Smart City Challenge Finalists Share their Successes with Congress

March 17, 2017 

On Thursday, March 16, the House Energy & Commerce Subcommittee on Digital Commerce and Consumer Protection (DCCP) held a hearing to review how communities are implementing emerging technology and sophisticated data collection methods across the United States.

The hearing was a continuation of the committee’s Disrupter Series, which investigates the federal policy implications of new and emerging technologies such as autonomous vehicles and drones.

The subcommittee invited four city officials, an academic, and a telecommunications company to discuss how they are applying smart city technologies to improve city services, enhance mobility, and inform future planning efforts:

  • Brenna Berman, Commissioner and Chief Information Officer, Chicago Department of Innovation and Technology (testimony unavailable)
  • Kyle Chisek, Director of Bureau Relations, City of Portland, Oregon, Office of Mayor Ted Wheeler (testimony)
  • Dr. Jennifer Clark, Director, Center for Urban Innovation, Associate Professor, School of Public Policy, Georgia Institute of Technology (testimony)
  • Jennifer Gallagher, Director, Department of Public Service, City of Columbus, Ohio (testimony)
  • Kurt J. Gruendling, Vice President of Marketing and Business Development, Waitsfield and Champlain Valley Telecom (testimony)
  • Alexander Pazuchanics, Policy Advisor, Office of the Mayor, City of Pittsburgh, Pennsylvania (testimony)

“There are opportunities to improve education, traffic and health.  We can drastically increase mobility and access to jobs. From safety to sanitation to the environment, communities that wisely invest in technologies can make a real difference in American’s lives,” said the subcommittee’s chairman, Bob Latta (R-OH).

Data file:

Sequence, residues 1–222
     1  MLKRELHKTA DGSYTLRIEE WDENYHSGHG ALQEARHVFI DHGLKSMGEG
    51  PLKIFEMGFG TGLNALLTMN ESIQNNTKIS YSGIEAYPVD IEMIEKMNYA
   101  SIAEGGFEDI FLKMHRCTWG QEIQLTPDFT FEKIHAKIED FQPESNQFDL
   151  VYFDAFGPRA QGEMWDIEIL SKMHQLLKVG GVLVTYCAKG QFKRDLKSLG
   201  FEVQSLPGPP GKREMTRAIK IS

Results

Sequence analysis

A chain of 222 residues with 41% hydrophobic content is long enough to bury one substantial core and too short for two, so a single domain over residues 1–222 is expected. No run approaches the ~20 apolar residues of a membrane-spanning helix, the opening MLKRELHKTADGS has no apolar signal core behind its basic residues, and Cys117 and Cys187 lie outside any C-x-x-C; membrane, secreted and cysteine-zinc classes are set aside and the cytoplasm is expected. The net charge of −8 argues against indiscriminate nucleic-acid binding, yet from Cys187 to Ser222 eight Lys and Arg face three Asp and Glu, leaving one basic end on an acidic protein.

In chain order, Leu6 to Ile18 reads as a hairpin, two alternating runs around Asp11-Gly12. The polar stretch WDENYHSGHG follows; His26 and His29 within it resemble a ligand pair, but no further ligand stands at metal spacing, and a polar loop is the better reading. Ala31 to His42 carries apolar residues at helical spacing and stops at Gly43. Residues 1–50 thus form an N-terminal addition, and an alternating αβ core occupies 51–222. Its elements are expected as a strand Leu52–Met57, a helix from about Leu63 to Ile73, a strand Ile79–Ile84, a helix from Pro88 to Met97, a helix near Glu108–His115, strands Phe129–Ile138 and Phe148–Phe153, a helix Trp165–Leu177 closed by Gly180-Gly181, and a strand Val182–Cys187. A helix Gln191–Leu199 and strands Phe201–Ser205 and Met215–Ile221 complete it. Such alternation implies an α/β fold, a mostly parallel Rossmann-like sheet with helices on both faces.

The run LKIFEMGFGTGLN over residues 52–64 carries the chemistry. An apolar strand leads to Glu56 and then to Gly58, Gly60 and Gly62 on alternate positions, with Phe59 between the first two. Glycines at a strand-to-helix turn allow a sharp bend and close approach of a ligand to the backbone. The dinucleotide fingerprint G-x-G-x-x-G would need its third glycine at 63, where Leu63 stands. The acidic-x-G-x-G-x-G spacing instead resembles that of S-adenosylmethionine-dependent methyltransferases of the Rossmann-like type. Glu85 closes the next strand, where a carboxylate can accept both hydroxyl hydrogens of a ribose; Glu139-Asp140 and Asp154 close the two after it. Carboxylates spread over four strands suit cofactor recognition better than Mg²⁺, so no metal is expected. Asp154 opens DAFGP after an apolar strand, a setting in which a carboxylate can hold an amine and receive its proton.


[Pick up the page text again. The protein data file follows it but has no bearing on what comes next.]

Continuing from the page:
While the content of the hearing was crafted to be pertinent for essentially every American city and Congressional district, the dais and audience were nearly empty (this may have had something to do with the release of the president’s skinny budget just a few hours prior). The result was a lethargic hearing where a handful of Members scrolled through Twitter while witnesses struggled to capture both their attention and imagination.

The Smart City Challenge, which was launched by the U.S. Department of Transportation in 2015, was prominently featured at the hearing. The competition challenged cities to develop and share their plans to create smart transportation networks that would optimize the movement of people and freight.

Chicago was the only city at the hearing that did not submit an application to the Smart City Challenge. Out of the other three, Columbus’ proposal ultimately won, while Portland and Pittsburgh were among the seven finalists.

Nearly 80 cities developed proposals that incorporated a variety of emerging technologies to reduce congestion, improve public transit services, and increase safety. Many of the proposals were focused on the applications automated vehicles, smart infrastructure, and transportation network companies (TNCs) like Uber and Lyft.

A number of cities also proposed innovations such as unified payment systems, on-demand buses, and robust data-sharing regimes targeted at reducing congestion.

(Source: USDOT Smart City Challenge)

“[The Smart Cities Challenge] federal grant has changed our city,” said Jennifer Gallagher, Director of the Department of Public Service for the City of Columbus.

After winning the competition, Columbus began pursuing two key technology initiatives: an integrated data exchange (IDE) and the Columbus Connected Transportation Network. The IDE compiles data from public and private entities in a cloud-based platform that allows city officials to access a multitude of information to inform their decision-making processes.